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Then and Now – Puente de Ayala

Posted by BCS on October 19, 2008

Puente de Ayala in 1899 - Photo courtesy of the United States Library of Congress (www.loc.gov)

Puente de Ayala in 1899 - Photo courtesy of the United States Library of Congress (www.loc.gov)

Present-day Ayala Bridge (Photo taken on September 27, 2008)

Present-day Ayala Bridge (Photo taken on September 27, 2008)

According to the book “Basques in the Philippines” (by Marciano R. de Borja and William A. Douglass, 2005), the Puente de Ayala (or Ayala Bridge) was named after the patriarch of the Ayala Clan of the Philippines, Antonio de Ayala whose company, the Ayala y Compañia, funded its construction.

The first Ayala Bridge, sometimes also referred to as Puente de Convalecencia (in reference to the name of the islet in the middle of the Pasig River adjacent to the bridge on which the Hospisio de San Jose is situated), was constructed in 1880 with arched wooden trusses. This bridge, however, collapsed ten years later and was replaced with another of steel construction (the one shown in the 1899 photo above).

In his book “An Army Officer On Leave In Japan” (published in 1911), L. Mervin Maus recalls what the “Major” had said to him on their way to the bridge:

“‘As we pass over the Ayala Bridge, please obeserve that large rain tree on the island in the Pasig River, upon which is built the insane asylum. You will notice that the island is connected with this bridge, which is familiarly known as the Crooked Bridge, because on our arrival it made an angle at the juncture of the asylum entrance.’”

There are those who claim that this steel bridge was designed by Gustave Eiffel (of the Eiffel Tower fame). If this is true, well, we’ve lost it, however sad it is.

Contained in the 1903 Annual Reports of the United States War Department was a proposal for the construction of a single-span bridge at the cost of US$60,000 (as a replacement for the “crooked” bridge existing at that time which had reportedly been causing numerous accidents).

I’ve read of an “Ayala Bridge” being constructed at a cost of US$21,338.15 which was opened to public traffic on August 13, 1906. However, I can’t be too sure if this is THE Ayala Bridge we’re talking about here since I only got to see tiny excerpts of it.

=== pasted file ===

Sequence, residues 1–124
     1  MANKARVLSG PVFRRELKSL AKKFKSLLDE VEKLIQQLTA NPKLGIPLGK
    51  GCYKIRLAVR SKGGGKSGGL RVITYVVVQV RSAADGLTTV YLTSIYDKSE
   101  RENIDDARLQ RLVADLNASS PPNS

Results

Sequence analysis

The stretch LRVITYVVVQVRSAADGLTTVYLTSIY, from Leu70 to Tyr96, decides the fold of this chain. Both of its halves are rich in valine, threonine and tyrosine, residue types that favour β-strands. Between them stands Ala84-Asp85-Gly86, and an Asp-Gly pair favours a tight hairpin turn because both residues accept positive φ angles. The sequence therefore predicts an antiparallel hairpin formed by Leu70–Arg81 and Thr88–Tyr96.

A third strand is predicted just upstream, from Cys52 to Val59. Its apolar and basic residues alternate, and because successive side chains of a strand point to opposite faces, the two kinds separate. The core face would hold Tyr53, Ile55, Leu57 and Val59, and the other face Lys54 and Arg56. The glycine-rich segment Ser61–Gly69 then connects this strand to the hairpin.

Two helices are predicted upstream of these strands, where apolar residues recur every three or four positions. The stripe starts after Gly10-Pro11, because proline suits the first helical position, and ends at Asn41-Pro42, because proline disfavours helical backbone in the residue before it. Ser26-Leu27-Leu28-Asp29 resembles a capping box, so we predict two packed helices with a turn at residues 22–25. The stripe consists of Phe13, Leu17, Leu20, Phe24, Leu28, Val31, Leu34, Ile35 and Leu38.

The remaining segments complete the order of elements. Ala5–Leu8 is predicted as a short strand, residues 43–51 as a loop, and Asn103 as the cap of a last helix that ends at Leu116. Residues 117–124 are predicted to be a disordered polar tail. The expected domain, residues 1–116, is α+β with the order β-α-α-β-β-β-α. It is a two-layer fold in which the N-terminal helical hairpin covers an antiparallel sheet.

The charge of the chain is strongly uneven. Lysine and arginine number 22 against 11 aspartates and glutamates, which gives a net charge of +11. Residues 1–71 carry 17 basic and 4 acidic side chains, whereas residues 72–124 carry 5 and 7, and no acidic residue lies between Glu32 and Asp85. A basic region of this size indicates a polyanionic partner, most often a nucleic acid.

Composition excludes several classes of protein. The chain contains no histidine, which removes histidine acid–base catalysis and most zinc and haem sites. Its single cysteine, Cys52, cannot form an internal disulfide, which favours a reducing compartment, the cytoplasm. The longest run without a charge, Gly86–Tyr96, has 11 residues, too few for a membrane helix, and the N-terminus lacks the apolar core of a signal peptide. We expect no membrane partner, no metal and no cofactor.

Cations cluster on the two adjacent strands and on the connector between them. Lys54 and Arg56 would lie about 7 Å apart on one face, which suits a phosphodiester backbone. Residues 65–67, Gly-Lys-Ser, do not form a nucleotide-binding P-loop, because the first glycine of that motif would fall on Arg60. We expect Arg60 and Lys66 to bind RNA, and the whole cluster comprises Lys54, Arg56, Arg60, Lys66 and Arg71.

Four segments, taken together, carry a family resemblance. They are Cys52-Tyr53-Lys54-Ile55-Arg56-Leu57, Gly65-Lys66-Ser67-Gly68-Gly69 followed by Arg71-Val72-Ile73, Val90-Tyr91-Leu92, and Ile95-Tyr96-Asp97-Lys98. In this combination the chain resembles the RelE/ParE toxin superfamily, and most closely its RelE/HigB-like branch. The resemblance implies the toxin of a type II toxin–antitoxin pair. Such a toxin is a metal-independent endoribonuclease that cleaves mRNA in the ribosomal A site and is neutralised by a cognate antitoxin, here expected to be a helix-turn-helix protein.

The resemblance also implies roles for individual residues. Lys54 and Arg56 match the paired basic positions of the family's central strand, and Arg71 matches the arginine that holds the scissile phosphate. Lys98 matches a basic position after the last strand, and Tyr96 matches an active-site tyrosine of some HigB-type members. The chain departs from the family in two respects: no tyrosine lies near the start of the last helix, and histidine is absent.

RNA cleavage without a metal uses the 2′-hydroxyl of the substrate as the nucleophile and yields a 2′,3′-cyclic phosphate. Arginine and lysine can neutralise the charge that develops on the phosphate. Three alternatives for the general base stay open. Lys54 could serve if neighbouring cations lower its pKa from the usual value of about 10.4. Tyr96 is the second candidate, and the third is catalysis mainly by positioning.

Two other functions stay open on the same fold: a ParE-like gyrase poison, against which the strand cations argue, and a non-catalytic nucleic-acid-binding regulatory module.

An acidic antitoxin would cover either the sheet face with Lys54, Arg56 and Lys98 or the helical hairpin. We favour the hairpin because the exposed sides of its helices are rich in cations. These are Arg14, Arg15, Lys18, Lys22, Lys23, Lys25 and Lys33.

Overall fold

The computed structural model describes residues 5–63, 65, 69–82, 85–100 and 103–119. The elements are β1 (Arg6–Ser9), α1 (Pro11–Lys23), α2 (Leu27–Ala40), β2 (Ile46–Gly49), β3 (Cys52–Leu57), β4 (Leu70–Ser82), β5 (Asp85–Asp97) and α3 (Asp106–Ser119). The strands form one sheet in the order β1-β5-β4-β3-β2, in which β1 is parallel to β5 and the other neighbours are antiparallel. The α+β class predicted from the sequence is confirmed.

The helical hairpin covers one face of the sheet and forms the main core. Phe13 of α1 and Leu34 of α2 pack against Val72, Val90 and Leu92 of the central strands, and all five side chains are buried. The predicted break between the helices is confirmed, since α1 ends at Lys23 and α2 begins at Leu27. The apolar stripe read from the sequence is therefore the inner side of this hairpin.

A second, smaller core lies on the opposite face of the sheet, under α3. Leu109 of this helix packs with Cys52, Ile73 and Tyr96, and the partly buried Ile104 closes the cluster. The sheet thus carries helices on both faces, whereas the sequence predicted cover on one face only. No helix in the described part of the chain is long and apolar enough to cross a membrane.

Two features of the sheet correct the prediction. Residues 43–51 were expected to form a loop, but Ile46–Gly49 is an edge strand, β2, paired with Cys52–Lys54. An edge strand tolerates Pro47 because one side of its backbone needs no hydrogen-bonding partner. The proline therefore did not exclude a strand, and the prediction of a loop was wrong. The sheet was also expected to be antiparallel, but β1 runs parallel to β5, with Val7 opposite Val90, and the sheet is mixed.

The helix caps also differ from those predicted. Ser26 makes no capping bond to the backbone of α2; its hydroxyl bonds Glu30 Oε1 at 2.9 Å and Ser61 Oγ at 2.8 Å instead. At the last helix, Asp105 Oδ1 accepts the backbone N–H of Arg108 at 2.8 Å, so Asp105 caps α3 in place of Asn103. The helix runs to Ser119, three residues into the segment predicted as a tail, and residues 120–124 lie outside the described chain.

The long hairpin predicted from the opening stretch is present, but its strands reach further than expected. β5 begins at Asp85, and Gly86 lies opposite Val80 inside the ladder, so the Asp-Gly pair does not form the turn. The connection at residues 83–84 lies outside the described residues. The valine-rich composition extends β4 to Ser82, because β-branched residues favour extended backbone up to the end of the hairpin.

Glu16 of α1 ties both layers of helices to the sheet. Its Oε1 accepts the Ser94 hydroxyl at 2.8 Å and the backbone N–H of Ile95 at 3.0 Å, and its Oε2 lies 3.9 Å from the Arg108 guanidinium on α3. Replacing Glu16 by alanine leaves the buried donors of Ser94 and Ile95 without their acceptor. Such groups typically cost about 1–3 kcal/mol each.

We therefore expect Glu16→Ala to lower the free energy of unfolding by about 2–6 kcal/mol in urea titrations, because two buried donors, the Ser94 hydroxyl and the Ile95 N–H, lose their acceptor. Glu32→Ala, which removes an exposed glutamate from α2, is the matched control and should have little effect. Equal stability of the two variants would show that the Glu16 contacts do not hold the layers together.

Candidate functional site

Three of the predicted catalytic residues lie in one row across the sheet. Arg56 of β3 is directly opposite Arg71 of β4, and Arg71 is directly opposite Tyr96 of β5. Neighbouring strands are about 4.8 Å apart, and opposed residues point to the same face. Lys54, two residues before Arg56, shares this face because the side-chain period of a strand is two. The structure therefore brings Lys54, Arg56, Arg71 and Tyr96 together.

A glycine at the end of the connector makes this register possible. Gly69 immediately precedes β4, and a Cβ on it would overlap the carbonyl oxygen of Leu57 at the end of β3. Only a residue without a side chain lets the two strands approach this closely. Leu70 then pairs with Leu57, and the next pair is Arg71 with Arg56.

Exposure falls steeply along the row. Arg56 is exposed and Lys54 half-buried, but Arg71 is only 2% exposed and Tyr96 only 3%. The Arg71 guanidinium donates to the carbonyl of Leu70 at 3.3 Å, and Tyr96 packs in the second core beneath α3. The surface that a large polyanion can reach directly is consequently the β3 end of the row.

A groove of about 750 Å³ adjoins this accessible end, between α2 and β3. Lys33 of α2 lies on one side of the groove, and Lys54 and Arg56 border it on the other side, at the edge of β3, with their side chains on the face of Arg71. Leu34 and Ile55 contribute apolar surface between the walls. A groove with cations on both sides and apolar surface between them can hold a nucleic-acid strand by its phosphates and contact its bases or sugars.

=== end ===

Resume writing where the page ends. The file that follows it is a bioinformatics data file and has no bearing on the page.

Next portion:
But then again, for those of you who know of the bridge as it is today… it’s no longer crooked (as you can also very well see in the recent photo). So, pardon me for the cliché but, I think, the rest, as they say, is history.

Oh, before I end this, I found something on Maus’s book which, I think, the ladies will find quite delightful…

“‘From my experience with the men and women of the Philippine Islands, I am willing to believe that, had the women gone into the trenches and the men remained home with the children, the war would have been going on yet. Yes, the Filipino women are far superior to the men, for they embody all that is good, courageous, and enterprising in the race.’”

Note on the use of the old photograph:

From the United States Library of Congress website:

“Whenever possible, the Library of Congress provides factual information about copyright owners and related matters in the catalog records, finding aids and other texts that accompany collections. As a publicly supported institution, the Library generally does not own rights in its collections. Therefore, it does not charge permission fees for use of such material and generally does not grant or deny permission to publish or otherwise distribute material in its collections. Permission and possible fees may be required from the copyright owner independently of the Library. It is the researcher’s obligation to determine and satisfy copyright or other use restrictions when publishing or otherwise distributing materials found in the Library’s collections. Transmission or reproduction of protected items beyond that allowed by fair use requires the written permission of the copyright owners. Researchers must make their own assessments of rights in light of their intended use.

“If you have any more information about an item you’ve seen on our website or if you are the copyright owner and believe our website has not properly attributed your work to you or has used it without permission, we want to hear from you. Please contact OGC@loc.gov with your contact information and a link to the relevant content.”

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